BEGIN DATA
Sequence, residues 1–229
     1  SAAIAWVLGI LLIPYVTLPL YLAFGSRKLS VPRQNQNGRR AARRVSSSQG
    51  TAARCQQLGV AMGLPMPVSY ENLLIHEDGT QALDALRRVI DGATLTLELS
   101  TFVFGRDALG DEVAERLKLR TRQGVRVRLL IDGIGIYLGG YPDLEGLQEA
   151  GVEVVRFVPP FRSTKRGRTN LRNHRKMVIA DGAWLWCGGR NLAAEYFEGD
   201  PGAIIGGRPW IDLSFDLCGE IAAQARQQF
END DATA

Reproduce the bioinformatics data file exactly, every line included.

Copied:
Sequence, residues 1–229
     1  SAAIAWVLGI LLIPYVTLPL YLAFGSRKLS VPRQNQNGRR AARRVSSSQG
    51  TAARCQQLGV AMGLPMPVSY ENLLIHEDGT QALDALRRVI DGATLTLELS
   101  TFVFGRDALG DEVAERLKLR TRQGVRVRLL IDGIGIYLGG YPDLEGLQEA
   151  GVEVVRFVPP FRSTKRGRTN LRNHRKMVIA DGAWLWCGGR NLAAEYFEGD
   201  PGAIIGGRPW IDLSFDLCGE IAAQARQQF